Soil

Erosion Control Weekly

The Low-Down on Dirt

The Low-Down on Dirt

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Monday, December 5, was World Soil Day. Proposed by the International Union of Soil Sciences back in 2002 and adopted by the United Nations General Assembly in 2013, World Soil Day has been used to raise awareness of soil—something the great majority of people take for granted—as a vital resource.  … Read More

George Washington Argued Here

George Washington Argued Here

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We’ve seen them often enough in other parts of the country, and now one is flaring up on the Potomac River: a battle over water rights. The origins of this one go back almost four centuries and involve an agreement negotiated in 1785 by George Washington years before he became  … Read More

Erosion Control—Reader Favorites

Erosion Control—Reader Favorites

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Listed below are the top Editor Blogs, Reader Favorite articles, and Erosion Control magazine articles for you to enjoy. This list is curated based on reader views, search traffic, e-mail click-through, and most commented articles.

Bookmark this page so you will always have quick access to Forester Media’s top Erosion Control  … Read More

Rain Gardens for Erosion Control Projects

Rain Gardens for Erosion Control Projects

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Before we had the rain gardens in, everything was draining straight into the gray infrastructure in the way of storm sewers and getting taken rapidly into Trail Creek, which is a heavily used natural resource and recreational area for a lot of people. This was a great opportunity to help  … Read More

102 Million Trees Gone

102 Million Trees Gone

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The trees are dying.

We’ve known it for a while; in California’s forests, because of the ongoing drought, trees are dying by the millions. What wasn’t clear was the scale at which it’s happening. The latest aerial survey from the US Forest Service shows that the state has about 102  … Read More

How Trackout and Wheel-Washing Systems Can Improve Profitability

How Trackout and Wheel-Washing Systems Can Improve Profitability

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Contractors who use trackout cleanup equipment such as automatic wheel-washing systems merely to comply with environmental site regulations may be taking the wrong approach. Plenty of reasons exist for “taking the high road” and adopting these systems—namely minimizing operating costs, which can allow for more competitive bidding, and maintaining a  … Read More

Keeping Water Quality High

Keeping Water Quality High

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Snowy plovers are dainty little shorebirds, waders that scurry along beaches on legs that look like twigs. The timid plovers have white underbodies with brown feathers on top. The brown markings around their faces give them a quizzical look, somewhat like owls.  … Read More

Improving the Soil

Improving the Soil

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In revegetation, everything begins with the soil—usually poor soil.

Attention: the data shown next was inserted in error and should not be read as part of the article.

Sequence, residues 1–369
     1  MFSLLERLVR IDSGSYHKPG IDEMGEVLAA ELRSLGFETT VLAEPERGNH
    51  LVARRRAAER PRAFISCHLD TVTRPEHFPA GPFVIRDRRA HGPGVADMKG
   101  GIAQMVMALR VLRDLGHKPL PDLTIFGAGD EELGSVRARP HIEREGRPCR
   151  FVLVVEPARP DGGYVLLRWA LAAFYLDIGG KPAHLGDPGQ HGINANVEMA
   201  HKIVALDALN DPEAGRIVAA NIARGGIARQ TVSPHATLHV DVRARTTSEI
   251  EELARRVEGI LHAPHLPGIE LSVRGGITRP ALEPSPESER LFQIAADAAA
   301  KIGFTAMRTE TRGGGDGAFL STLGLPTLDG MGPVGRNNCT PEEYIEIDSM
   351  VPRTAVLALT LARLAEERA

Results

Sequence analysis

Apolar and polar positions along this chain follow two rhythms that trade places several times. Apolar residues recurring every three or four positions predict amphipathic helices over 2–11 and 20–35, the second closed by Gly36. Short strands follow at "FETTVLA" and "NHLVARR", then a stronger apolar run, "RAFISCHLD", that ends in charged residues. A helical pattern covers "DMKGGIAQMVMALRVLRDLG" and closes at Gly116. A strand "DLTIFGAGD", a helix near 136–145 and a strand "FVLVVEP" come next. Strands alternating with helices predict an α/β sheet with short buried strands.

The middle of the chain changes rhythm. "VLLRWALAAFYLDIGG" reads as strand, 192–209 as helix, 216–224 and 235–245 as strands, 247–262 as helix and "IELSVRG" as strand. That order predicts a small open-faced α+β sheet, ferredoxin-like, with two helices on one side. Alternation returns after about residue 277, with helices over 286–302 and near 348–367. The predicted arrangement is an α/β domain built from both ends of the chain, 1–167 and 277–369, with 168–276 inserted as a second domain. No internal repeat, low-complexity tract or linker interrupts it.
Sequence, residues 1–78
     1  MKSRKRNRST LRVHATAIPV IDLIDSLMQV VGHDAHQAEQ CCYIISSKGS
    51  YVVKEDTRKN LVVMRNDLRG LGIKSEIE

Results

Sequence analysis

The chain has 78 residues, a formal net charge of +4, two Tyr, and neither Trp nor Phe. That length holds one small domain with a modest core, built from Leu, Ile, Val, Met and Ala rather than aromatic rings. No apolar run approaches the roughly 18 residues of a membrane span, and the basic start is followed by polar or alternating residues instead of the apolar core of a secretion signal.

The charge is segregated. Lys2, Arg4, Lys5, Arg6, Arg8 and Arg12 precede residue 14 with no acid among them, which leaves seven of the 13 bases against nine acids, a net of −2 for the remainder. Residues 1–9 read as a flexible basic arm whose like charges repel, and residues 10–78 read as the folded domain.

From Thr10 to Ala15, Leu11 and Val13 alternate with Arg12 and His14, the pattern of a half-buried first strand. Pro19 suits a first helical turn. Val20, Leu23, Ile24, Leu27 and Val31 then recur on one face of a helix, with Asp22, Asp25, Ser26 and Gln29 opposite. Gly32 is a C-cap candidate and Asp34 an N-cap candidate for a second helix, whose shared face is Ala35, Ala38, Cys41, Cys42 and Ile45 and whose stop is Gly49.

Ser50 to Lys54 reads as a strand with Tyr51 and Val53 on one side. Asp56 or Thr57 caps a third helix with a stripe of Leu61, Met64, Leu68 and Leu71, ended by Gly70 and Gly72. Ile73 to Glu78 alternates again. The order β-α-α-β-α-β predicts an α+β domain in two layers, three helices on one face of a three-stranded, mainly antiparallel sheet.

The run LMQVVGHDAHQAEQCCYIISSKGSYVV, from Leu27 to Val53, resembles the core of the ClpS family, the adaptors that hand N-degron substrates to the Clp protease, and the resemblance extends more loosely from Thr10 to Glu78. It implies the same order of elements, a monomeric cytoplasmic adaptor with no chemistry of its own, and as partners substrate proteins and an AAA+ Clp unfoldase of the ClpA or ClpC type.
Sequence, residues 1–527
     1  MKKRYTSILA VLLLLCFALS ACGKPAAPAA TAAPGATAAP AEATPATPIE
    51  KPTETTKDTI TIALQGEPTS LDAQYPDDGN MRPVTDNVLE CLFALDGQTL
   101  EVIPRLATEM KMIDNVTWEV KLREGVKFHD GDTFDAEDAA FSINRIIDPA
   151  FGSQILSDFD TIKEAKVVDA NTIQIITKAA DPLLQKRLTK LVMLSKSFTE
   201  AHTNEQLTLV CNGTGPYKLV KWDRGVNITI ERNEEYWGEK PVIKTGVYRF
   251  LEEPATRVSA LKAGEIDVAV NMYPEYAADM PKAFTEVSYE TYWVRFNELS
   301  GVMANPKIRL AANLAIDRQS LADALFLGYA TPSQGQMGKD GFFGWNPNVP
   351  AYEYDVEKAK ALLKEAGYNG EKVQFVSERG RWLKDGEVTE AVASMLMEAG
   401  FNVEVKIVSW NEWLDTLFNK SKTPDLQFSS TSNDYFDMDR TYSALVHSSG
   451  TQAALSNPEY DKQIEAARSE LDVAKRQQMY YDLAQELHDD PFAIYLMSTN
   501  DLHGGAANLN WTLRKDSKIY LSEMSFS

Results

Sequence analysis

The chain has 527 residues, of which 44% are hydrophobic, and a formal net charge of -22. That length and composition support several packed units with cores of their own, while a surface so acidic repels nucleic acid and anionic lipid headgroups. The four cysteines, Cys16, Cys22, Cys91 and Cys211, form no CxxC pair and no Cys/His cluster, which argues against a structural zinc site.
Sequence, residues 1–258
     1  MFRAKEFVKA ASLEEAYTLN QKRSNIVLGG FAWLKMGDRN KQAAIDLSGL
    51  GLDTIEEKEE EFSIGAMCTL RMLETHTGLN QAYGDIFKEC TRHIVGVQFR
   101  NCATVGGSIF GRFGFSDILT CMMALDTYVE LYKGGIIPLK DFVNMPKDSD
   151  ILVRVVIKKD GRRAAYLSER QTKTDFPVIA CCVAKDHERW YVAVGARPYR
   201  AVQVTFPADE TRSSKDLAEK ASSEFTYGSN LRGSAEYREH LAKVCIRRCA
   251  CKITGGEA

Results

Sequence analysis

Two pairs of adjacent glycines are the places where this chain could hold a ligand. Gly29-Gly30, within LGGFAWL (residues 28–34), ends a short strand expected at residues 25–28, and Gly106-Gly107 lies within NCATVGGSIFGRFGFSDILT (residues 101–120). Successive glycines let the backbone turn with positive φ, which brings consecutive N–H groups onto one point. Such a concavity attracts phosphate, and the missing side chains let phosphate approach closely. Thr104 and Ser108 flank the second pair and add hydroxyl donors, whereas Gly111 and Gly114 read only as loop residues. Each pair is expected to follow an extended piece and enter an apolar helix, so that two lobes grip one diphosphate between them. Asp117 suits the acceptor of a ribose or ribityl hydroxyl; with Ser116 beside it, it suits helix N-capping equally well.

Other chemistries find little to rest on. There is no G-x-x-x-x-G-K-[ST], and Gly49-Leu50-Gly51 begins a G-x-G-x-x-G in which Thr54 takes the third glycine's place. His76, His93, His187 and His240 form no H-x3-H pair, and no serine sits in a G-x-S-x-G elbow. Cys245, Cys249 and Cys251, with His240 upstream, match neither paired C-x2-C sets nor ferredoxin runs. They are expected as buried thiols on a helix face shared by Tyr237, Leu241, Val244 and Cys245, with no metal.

Soils may become degraded during the construction of buildings, roadside projects, or mining or landfill operations, or because of overgrazing or deforestation. They lose their topsoil, usually the top 2- to 8-inch layer of the soil, where the most important nutrients lie.  … Read More

Got a Mask? It’s  Still Wildfire Season

Got a Mask? It’s Still Wildfire Season

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Large parts of the Southeast are on fire this week, with tens of thousands of acres affected by wildfires. Even many of those who aren’t forced to evacuate are still struggling with the effects of poor air quality—so much so that officials in some areas are recommending people wear special  … Read More

Slightly Less Dammed

Slightly Less Dammed

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We’ve covered the pros and cons of dam removal projects in the past, but less so the consequences of building dams; one exception is this account of a writer’s trip to China during the construction of the Three Gorges project.

The main reason, of course, for building large dams has  … Read More

Constructed Wetlands for Erosion Control and Stormwater Mitigation

Constructed Wetlands for Erosion Control and Stormwater Mitigation

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Many people think of wetlands as smelly, mosquito-ridden nuisances, but healthy wetlands provide habitat for birds, fish, amphibians, bats, and other insects that live on mosquitoes. Wetlands are home to more than one-third of the United States’ threatened and endangered species, according to EPA.  … Read More

Chemical Soil Stabilization – Part 1

Chemical Soil Stabilization – Part 1

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Despite all the work done by earthmoving equipment, each year wind and rain move much more soil than man could ever hope to shovel. And because soil is a finite commodity, one has to hold on to as much of it as possible.

Plantings aid in this quest; the roots of  … Read More

Geogrids for Stabilizing Steep Slopes

Geogrids for Stabilizing Steep Slopes

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The steep slopes and compressible soils caused concern that the road might, sometime in the future, shift and even crack if precast concrete panel retaining walls were used. Florida Department of Transportation (FDOT) officials suggested that 1:1 slope reinforcement with geogrid be used instead.  … Read More



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